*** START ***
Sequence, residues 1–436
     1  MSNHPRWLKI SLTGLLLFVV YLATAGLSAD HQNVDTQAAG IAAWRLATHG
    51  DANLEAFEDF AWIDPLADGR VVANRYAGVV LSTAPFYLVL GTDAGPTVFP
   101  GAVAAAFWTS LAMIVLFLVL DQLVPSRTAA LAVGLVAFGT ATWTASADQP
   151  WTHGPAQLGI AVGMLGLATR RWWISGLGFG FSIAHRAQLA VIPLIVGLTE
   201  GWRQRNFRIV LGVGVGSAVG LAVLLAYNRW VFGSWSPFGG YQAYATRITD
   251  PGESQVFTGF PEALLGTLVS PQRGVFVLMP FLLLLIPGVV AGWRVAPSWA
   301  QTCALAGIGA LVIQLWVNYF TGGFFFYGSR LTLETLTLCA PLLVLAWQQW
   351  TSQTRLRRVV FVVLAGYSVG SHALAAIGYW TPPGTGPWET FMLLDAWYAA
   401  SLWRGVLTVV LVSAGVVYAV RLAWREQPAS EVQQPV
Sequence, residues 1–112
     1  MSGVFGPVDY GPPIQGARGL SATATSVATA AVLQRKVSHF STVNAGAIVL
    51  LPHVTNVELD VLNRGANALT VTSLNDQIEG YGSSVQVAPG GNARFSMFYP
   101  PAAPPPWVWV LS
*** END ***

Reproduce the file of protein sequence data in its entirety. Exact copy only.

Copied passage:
Sequence, residues 1–436
     1  MSNHPRWLKI SLTGLLLFVV YLATAGLSAD HQNVDTQAAG IAAWRLATHG
    51  DANLEAFEDF AWIDPLADGR VVANRYAGVV LSTAPFYLVL GTDAGPTVFP
   101  GAVAAAFWTS LAMIVLFLVL DQLVPSRTAA LAVGLVAFGT ATWTASADQP
   151  WTHGPAQLGI AVGMLGLATR RWWISGLGFG FSIAHRAQLA VIPLIVGLTE
   201  GWRQRNFRIV LGVGVGSAVG LAVLLAYNRW VFGSWSPFGG YQAYATRITD
   251  PGESQVFTGF PEALLGTLVS PQRGVFVLMP FLLLLIPGVV AGWRVAPSWA
   301  QTCALAGIGA LVIQLWVNYF TGGFFFYGSR LTLETLTLCA PLLVLAWQQW
   351  TSQTRLRRVV FVVLAGYSVG SHALAAIGYW TPPGTGPWET FMLLDAWYAA
   401  SLWRGVLTVV LVSAGVVYAV RLAWREQPAS EVQQPV
Sequence, residues 1–112
     1  MSGVFGPVDY GPPIQGARGL SATATSVATA AVLQRKVSHF STVNAGAIVL
    51  LPHVTNVELD VLNRGANALT VTSLNDQIEG YGSSVQVAPG GNARFSMFYP
   101  PAAPPPWVWV LS